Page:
Facebook listed health and financial issues as examples of messages that people may wish to keep more private - while others have mentioned love affairs.The idea is being trialled on a "limited basis", Facebook said, but added that it would be more widely available over the summer.Video and GIFs cannot be shared secretly at the moment.

The service will also have extra features for reporting abuse - and once this is introduced, there will be a delay in the deletion of messages to enable flagging.

"Facebook will never have access to plain text messages unless one participant in a secret conversation voluntarily reports the conversation," it explained in a technical document.

Tech spec

The service is built on the Signal protocol by Open Whisper Systems, which is widely used by messaging apps, said cybersecurity expert Professor Alan Woodward from Surrey University.

"Signal is well tested and those who developed it are well regarded in the cryptography community," he said.

"But the problem with something effectively becoming an open standard in this way is that if ever a problem were found it could have widespread impact."

Prof Woodward added that the technical report released by Facebook was "not as complete as many would like" in terms of assessing the service's security.

"If I were to choose any messaging system I would look for it to be based on Signal at present.
"However, I'd like to know more about exactly how it is implemented, or at least know that those who can analyse such systems have scrutinised the code."

Source:  http://www.bbc.com/news/technology-36744470

 

 

Categorized in Others

Venture capitalist Jim Breyer knows a bit about the next big tech revolution. He backed Facebook when it was just a baby in 2005. The social network is now worth over $326 billion.

So where should you be putting your money next? Into artificial intelligence, according to Breyer, an area which will create more wealth than that made for internet and social network investors.

Breyer expects artificial intelligence to transform content and the film entertainment business."

"Ten years from now, it will have even more significant wealth creation, stockholder appreciation opportunities, than what I believe we saw in social networks in 2005 and internet investing in 1995," Breyer told an audience at the Viva Technology conference in Paris on Thursday.

Breyer was a former board member of Facebook and is still a significant shareholder. Through his firm Breyer Capital, he has also invested in a number of other companies including music streaming service Spotify and movie production start-up Legendary Entertainment, which was recently acquired by Chinese conglomerate Dalian Wanda for $3.5 billion.

At Legendary Entertainment, Breyer said he saw the use of artificial intelligence which has the potential to revolutionize the industry. Legendary Entertainment was behind the blockbuster movie "Interstellar" and Breyer explained how artificial intelligence was used to get the trailer right.

"We applied statistics, machine learning, and a small group of data developers to analyze how that first trailer of Interstellar was received on Facebook, Instagram and other social networks. We then used that data to inform us on how that second trailer should look and the final trailer," Breyer said.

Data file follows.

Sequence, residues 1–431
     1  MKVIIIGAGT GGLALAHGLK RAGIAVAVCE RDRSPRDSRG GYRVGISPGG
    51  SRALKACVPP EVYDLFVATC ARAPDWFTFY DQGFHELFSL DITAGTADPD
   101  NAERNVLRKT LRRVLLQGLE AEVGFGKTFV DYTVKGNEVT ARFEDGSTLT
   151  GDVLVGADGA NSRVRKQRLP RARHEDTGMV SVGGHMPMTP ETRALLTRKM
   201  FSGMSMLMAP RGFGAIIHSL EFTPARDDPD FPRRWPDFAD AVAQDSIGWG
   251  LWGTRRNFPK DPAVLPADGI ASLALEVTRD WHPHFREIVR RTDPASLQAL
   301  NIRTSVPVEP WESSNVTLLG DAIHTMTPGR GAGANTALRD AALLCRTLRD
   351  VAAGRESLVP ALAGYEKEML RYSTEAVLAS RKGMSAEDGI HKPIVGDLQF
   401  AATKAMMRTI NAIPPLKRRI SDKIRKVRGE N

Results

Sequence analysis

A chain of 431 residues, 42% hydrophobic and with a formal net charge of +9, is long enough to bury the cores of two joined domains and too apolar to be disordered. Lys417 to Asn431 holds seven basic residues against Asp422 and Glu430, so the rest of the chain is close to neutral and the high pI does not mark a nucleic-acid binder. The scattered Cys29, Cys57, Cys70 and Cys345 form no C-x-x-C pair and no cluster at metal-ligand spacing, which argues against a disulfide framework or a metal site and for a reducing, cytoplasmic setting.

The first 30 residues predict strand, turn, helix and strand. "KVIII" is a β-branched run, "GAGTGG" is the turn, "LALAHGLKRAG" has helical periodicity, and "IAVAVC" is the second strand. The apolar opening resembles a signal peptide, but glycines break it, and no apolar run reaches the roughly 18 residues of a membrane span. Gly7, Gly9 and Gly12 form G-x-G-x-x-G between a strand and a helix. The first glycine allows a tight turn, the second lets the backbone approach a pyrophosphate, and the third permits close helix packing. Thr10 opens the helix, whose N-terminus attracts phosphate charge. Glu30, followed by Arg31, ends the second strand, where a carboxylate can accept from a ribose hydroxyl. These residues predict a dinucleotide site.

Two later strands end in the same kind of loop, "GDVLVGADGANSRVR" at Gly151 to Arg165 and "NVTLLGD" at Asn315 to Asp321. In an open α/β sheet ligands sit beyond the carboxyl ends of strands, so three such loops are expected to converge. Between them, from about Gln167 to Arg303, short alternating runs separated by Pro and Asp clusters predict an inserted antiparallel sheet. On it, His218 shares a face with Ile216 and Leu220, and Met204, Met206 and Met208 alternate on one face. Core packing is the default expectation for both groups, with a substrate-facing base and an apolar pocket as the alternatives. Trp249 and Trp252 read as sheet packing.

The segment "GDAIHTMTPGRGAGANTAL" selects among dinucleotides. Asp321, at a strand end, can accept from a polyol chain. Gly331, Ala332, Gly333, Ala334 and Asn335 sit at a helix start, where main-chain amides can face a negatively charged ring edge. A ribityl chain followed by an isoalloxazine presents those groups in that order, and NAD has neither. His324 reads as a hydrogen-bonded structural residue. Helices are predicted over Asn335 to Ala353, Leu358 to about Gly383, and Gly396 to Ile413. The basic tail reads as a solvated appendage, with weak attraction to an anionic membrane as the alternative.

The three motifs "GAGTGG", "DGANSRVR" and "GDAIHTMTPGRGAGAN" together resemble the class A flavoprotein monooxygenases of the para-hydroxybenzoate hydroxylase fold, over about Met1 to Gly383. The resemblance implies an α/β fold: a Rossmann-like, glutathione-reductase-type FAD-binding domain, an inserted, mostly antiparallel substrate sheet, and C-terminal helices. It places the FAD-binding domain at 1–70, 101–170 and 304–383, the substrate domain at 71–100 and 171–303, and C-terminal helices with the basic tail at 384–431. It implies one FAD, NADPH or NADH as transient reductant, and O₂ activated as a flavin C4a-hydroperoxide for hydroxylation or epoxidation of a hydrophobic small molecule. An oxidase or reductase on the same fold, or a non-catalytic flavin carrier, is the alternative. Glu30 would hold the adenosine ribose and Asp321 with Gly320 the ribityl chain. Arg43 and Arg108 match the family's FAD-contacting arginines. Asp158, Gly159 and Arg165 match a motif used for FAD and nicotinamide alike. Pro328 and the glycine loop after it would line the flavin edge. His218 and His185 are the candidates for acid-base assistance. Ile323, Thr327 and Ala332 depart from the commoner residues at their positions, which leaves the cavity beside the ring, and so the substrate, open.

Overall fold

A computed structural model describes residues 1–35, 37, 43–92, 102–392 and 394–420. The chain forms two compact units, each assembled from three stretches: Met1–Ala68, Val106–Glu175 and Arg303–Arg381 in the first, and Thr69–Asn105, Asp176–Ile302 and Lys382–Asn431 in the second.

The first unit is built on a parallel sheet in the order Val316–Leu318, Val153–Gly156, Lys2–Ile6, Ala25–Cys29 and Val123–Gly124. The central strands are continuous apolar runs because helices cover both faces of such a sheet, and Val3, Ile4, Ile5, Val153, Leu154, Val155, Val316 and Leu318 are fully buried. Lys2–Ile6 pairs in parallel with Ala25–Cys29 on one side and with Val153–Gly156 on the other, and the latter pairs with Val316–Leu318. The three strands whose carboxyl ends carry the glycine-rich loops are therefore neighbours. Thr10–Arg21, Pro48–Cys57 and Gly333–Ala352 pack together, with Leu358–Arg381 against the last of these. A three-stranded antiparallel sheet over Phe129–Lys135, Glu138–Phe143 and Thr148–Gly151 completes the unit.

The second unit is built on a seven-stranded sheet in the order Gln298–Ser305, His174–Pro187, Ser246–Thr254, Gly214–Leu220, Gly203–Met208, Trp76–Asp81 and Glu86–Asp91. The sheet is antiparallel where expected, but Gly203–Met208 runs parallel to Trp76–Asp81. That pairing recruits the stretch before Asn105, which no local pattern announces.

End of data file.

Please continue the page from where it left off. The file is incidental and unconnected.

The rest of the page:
"What really mattered for us, how many theaters should we open in, where should we open, how should we market, and where a 150 million (dollars) might be used typically for a marketing budget for a film, narrowing that down to perhaps 100 million (dollars), and using advanced analytics, artificial intelligence, human-assisted learning, with the data...it's far less costly, fare more effective."

The technology will also be used to inform casting decisions, budgets, and other aspects of making a movie Breyer said, who predicted that the movie industry will be "revolutionized by artificial intelligence".

Source:  http://www.cnbc.com/2016/07/01/ai-will-be-a-bigger-than-social-networks-internet-early-facebook-backer.html

Categorized in Science & Tech

By the end of 2017, Facebook’s messaging app will look a whole lot different. Apart from a better messaging experience, this may also mean the end of phone numbers as we know it.Facebook messaging products’ vice president David Marcus believes phone numbers will eventually become obsolete as a form of communication

In an interview with Time magazine, Marcus said he believes chat apps will become so popular that they will replace phone numbers.

“The real question is, in a couple of years if you will need a phone number on a business card? Or if you’ll need a business card at all for people to find you,” the Facebook executive said.

“It’s a profound change actually, and I believe it’s really happening. People used to call your house, they didn’t call you. And so we went from calling your house, to calling your number, to calling you for real. It’s an interesting evolution,” he added.Revealing Facebook’s ambitious plans for this year, Marcus said by the end of 2017, Facebook’s messaging app “will look a whole lot different.”

Apple introducing new iMessage features to take on competitors

Speaking about the new Facebook Messenger inbox layout, which will show information like your friends’ birthdays as well as which of your friends are active on Messenger at a given moment, he said, “We believe birthdays are actually a really important thing, especially for your close friends. Birthdays, for [most] of your friends, you’re probably more inclined to write on their Facebook page.”